Some may suggest that the process is adjusted by the US Patent and Trademark Office (USPTO) to ensure that patents are not granted to claims with non-specific language. But they are not typically responsible for the language of patent claims, nor should they be, and a better solution could yet be found. Perhaps it should begin with how patent attorneys practice; in the words of patent attorney and Legal Intelligencer columnist, Lawrence Ashery: “A claim can be broad without being ambiguous.”

A claim can be broad without being ambiguous

Even with these challenges, however, blockchain could still be set to move into a space currently under-served by the system. There are some exciting projects looking to launch this year that have targeted the problems surrounding software IP and might already start making a difference. Blockchain carries some serious advantages here: self-executing smart contracts ensure that all sides keep to their part of the deal, while the exact details of IP rights can be transparently and, if desired, publicly recorded. Again, this would often rely on the patent clearly setting out exactly what it covers.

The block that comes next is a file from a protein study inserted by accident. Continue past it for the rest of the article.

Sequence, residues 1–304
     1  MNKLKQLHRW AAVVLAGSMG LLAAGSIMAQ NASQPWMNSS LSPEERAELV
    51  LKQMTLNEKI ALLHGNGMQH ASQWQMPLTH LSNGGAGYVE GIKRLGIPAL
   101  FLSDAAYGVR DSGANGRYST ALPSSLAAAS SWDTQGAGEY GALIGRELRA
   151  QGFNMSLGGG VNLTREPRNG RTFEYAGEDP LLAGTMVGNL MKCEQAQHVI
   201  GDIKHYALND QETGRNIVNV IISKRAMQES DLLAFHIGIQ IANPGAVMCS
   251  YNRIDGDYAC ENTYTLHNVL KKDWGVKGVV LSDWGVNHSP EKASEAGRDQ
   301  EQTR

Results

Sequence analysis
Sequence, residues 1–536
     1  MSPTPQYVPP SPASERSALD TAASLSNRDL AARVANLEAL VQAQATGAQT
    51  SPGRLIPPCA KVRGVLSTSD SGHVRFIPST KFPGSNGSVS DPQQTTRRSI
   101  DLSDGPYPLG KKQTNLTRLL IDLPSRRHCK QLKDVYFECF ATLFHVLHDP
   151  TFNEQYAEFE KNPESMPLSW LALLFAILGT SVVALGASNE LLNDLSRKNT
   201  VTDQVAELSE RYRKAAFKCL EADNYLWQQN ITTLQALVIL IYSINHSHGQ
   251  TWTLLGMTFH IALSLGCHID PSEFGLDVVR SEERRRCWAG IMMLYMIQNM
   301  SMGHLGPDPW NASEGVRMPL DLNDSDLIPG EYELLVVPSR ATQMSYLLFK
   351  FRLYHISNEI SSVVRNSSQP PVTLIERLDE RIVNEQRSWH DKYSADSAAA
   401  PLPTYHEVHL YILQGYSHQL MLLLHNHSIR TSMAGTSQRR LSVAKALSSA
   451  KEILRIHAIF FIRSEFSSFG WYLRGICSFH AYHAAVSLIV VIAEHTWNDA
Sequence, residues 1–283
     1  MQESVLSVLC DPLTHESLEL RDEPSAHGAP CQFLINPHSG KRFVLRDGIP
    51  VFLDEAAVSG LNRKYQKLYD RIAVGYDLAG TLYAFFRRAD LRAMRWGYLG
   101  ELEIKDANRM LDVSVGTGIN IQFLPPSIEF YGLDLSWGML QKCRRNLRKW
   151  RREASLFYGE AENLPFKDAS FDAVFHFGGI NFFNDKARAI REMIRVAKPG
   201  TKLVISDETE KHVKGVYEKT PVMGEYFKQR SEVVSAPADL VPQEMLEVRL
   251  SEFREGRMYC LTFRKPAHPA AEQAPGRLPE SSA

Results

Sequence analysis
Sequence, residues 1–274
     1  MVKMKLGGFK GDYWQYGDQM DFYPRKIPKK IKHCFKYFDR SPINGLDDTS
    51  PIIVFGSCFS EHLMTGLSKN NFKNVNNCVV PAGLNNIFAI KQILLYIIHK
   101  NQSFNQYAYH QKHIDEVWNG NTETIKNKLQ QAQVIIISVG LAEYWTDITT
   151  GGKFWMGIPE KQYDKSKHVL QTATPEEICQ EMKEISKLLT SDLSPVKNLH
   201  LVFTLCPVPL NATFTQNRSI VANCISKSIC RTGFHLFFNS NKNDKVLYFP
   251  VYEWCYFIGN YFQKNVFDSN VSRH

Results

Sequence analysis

It also offers freer and cheaper access to a patent process which can make it difficult for those without significant resources and legal support to effectively license and protect their patents, copyrights, and trade secrets, which all fall under the intellectual property umbrella. A searchable marketplace - a sort of intellectual property eBay - would allow unfettered access to a decentralized registry of all existing software patents. A version of this has been planned for launch following a recent partnership between blockchain startups Loci and Lexit. While Lexit seeks to open up free trade and licensing for intellectual property and, beyond that, create a global marketplace for mergers and acquisitions, Loci provides a registry and search engine—and are also experimenting with machine learning to predict future R&D trends.